Canadian Forest Service Publications

Climate change mitigation potential of local use of harvest residues for bioenergy in Canada. 2017. Smyth, C., Kurz, W. A., Rampley, G., Lemprière, T.C., Schwab, O. GCB Bioenergy, 9: 817–832.

Year: 2017

Available from: Pacific Forestry Centre

Catalog ID: 38881

Language: English

CFS Availability: PDF (download)

Available from the Journal's Web site.
DOI: 10.1111/gcbb.12387

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Abstract

We estimate the mitigation potential of local use of bioenergy from harvest residues for the 2.3 × 106 km2 (232 Mha) of Canada's managed forests from 2017 to 2050 using three models: Carbon Budget Model of the Canadian Forest Sector (CBM-CFS3), a harvested wood products (HWP) model that estimates bioenergy emissions, and a model of emission substitution benefits from the use of bioenergy. We compare the use of harvest residues for local heat and electricity production relative to a base case scenario and estimate the climate change mitigation potential at the forest management unit level. Results demonstrate large differences between and within provinces and territories across Canada. We identify regions with increasing benefits to the atmosphere for many decades into the future and regions where no net benefit would occur over the 33-year study horizon. The cumulative mitigation potential for regions with positive mitigation was predicted to be 429 Tg CO2e in 2050, with 7.1 TgC yr−1 of harvest residues producing bioenergy that met 3.1% of the heat demand and 2.9% of the electricity demand for 32.1 million people living within these regions. Our results show that regions with positive mitigation produced bioenergy, mainly from combined heat and power facilities, with emissions intensities that ranged from roughly 90 to 500 kg CO2e MWh−1. Roughly 40% of the total captured harvest residue was associated with regions that were predicted to have a negative cumulative mitigation potential in 2050 of −152 Tg CO2e. We conclude that the capture of harvest residues to produce local bioenergy can reduce GHG emissions in populated regions where bioenergy, mainly from combined heat and power facilities, offsets fossil fuel sources (fuel oil, coal and petcoke, and natural gas).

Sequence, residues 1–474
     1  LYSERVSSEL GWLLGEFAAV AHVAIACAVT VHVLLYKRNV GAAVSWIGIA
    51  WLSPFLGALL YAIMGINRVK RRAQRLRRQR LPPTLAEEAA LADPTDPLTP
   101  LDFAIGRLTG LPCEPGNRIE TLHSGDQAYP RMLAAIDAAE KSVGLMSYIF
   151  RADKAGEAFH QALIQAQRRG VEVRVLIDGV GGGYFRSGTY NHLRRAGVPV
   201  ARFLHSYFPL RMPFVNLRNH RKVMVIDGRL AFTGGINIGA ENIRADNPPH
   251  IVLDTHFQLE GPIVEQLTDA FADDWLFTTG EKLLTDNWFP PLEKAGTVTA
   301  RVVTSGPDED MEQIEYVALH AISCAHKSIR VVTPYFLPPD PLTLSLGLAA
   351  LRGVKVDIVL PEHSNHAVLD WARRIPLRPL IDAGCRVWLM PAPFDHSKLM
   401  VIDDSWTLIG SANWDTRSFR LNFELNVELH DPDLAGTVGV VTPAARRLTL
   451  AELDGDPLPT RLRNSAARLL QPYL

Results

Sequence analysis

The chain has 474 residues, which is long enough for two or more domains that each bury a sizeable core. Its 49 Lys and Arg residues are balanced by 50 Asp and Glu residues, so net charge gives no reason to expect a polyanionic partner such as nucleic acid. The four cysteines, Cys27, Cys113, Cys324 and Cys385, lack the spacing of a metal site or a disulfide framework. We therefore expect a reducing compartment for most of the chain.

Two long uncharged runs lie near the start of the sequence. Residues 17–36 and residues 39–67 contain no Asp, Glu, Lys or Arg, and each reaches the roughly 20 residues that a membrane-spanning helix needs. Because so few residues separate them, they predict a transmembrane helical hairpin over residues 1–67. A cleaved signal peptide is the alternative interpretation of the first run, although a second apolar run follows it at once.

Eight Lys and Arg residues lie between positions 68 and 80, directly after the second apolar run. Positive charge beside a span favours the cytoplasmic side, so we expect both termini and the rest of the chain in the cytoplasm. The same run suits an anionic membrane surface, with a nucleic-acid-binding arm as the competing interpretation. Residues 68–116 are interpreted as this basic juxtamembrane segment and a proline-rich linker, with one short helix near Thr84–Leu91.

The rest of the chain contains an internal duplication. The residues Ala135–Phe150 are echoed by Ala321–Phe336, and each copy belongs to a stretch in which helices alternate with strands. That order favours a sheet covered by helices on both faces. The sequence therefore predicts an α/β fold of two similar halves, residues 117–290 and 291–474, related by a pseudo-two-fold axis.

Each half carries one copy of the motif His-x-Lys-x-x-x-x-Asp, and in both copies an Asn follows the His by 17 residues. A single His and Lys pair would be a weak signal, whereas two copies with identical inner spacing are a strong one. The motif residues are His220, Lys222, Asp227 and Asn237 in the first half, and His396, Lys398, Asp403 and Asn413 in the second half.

Plain Language Summary

This research examined the local use of bioenergy from harvest residues to mitigate climate change by reducing greenhouse gas (GHG) emissions over the medium term (2017 to 2050). It is important because it is the first ever in-depth examination of bioenergy-related mitigation potential at the national scale. The national results were developed through computer modelling of Canada’s 232-million hectares of managed forest, and were analyzed using the National Forest Carbon Monitoring, Accounting and Reporting System (NFCMARS) datasets and its core models, the Carbon Budget Model of the Canadian Forest Sector (CBM-CFS3) and the Carbon Budget Modeling Framework for Harvested Wood Products (CBMF-HWP). The study assessed the mitigation benefits, relative to a baseline, of capturing and burning harvest residues in place of progressive decay (and/or slashburning) and the use of fossil fuel-based energy. Reductions in GHG emissions were found in regions where harvest and populations were co-located, and where high emissions fuels such as coal and fuel oil are being used to produce heat and power. Increases in GHG emissions were found in regions where bioenergy exceeded local demand and bioenergy displaced low emissions electricity grids. The cost of implementation was not addressed in this paper but will be the subject of another journal article that is in preparation.

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